The UAW isn't entirely to blame, but it shouldn't be left off the hook, either. The simple fact is that a large part of the union's leadership justifies its existence by taking an opposition stance to management. This makes instituting changes in the workplace exceeding difficult. And change MUST happen if the domestics are to survive. Plus, many of the rank-and-file members are just as out of touch as any top-level GM executive. They are just as likely to blame Consumer Reports, the Japanese, Toyota, etc., for their problems as any GM apologist. Read Robert Dewar's book, A Savage Factory. The union members don't come off too well in that book, and the writer was sympathetic to them. As for the Japanese and Germans and their unions - note that those manufacturers haven't welcomed the UAW with open arms at their U.S. plants. And Japanese unions are more like company unions, which were banned in the U.S. by the Wagner Act of the 1930s. There isn't much of an adversarial relationship there.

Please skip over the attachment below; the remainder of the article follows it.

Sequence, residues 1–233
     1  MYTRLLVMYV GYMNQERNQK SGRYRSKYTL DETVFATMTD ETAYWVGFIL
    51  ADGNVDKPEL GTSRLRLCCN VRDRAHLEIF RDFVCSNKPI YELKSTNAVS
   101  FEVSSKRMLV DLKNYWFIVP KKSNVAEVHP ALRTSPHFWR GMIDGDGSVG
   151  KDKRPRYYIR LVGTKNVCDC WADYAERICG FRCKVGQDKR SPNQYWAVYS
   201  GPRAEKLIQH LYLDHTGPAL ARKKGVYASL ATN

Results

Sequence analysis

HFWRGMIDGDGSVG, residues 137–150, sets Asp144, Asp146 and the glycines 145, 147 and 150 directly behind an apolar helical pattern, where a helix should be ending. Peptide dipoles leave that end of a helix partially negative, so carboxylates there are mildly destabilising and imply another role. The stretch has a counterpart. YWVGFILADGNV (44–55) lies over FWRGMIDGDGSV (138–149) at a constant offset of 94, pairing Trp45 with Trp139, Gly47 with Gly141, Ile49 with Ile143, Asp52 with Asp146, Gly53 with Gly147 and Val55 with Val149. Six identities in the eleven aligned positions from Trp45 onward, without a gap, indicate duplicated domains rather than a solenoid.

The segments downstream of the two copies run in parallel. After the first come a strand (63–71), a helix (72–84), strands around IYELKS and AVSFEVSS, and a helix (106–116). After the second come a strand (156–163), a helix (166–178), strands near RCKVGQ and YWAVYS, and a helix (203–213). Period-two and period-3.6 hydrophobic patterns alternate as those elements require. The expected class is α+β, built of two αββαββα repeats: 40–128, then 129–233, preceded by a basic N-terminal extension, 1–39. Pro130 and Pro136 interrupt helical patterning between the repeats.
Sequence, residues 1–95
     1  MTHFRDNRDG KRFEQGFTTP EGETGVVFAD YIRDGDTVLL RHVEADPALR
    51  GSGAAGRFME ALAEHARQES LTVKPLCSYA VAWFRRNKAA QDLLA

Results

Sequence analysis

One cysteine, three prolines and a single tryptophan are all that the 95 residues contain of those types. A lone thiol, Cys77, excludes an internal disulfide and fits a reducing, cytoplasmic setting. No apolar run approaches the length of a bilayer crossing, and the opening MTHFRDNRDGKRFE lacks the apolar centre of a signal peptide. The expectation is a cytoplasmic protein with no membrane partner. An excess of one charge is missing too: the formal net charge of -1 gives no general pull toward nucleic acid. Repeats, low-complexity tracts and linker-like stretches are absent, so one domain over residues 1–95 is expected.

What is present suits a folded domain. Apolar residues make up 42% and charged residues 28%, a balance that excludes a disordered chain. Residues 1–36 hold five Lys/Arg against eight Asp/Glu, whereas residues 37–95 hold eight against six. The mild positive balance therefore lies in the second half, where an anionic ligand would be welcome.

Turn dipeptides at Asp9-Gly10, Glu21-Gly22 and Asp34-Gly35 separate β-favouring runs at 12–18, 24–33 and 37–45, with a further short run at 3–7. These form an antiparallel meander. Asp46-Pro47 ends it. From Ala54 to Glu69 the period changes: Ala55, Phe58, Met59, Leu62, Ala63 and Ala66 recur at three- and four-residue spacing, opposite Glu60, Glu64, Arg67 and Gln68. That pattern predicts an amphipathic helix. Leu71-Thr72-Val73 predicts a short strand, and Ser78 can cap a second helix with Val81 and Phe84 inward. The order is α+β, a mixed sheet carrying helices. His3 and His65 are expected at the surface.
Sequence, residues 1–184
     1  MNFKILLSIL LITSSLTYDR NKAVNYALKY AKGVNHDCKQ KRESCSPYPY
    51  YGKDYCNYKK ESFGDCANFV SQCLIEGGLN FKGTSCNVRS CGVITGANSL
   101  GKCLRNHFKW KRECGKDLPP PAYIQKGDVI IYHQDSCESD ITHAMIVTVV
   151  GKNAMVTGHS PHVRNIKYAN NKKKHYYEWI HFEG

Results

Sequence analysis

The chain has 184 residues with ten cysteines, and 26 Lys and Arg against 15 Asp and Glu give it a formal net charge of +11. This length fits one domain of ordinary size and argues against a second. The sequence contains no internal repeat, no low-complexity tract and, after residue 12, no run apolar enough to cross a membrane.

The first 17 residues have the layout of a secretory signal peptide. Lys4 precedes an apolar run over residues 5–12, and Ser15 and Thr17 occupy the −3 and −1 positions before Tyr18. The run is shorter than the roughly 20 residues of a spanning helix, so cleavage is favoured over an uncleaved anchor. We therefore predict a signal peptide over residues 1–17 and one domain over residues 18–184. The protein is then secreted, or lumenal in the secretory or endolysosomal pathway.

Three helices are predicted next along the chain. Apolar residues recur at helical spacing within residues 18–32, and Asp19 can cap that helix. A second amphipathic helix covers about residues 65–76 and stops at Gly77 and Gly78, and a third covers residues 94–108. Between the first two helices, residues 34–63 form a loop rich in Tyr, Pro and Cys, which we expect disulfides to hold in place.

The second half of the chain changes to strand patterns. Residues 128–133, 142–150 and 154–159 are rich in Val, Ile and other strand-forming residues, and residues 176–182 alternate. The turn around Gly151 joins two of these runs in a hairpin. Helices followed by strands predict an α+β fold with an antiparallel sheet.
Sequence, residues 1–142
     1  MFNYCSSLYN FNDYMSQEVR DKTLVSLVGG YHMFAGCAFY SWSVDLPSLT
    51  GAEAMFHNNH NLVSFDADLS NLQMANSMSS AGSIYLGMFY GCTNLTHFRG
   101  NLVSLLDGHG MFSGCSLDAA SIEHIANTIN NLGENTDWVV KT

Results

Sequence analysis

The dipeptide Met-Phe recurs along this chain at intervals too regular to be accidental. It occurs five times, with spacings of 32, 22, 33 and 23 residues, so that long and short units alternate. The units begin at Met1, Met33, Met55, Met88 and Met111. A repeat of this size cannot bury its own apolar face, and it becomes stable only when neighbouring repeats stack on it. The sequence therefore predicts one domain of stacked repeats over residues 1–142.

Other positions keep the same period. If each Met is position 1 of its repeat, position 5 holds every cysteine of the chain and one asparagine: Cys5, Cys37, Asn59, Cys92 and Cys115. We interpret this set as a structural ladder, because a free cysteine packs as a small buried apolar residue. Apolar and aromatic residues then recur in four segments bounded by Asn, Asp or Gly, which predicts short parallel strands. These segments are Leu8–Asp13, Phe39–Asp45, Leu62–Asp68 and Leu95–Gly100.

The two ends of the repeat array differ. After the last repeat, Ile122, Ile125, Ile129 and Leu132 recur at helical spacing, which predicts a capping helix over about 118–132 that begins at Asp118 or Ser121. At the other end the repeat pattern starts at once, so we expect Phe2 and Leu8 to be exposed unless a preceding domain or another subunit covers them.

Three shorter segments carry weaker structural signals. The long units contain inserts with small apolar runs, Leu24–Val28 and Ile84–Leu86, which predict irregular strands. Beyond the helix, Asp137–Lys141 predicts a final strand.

• Chuck Norton And guys are having wide spread issues with the 10 speed transmission with the HP numbers out of the factory......
  • Zerofoo "Hyundais just got better and better during the 1990s, though, and memories of those shoddy Excels faded."Never. A friend had an early 90s Hyundai Excel as his college beater. One day he decided that the last tank of gas he bought was worth more than the car. He drove it to empty and then he and his fraternity brothers pushed it into the woods and left it there.
  • Kwik_Shift There are no new Renegades for sale within my geographic circle of up to 85 kms. Looks like the artificial shortage game. They bring one in, 10 buyers line up for it, $10,000 over MSRP. Yeah. Like with a lot of new cars.
  • Ribbedroof In Oklahoma, no less!
  • Ribbedroof Have one in the shop for minor front collision repairs right now,I've seen more of these in the comments than in the 30 years I've been in collision repair.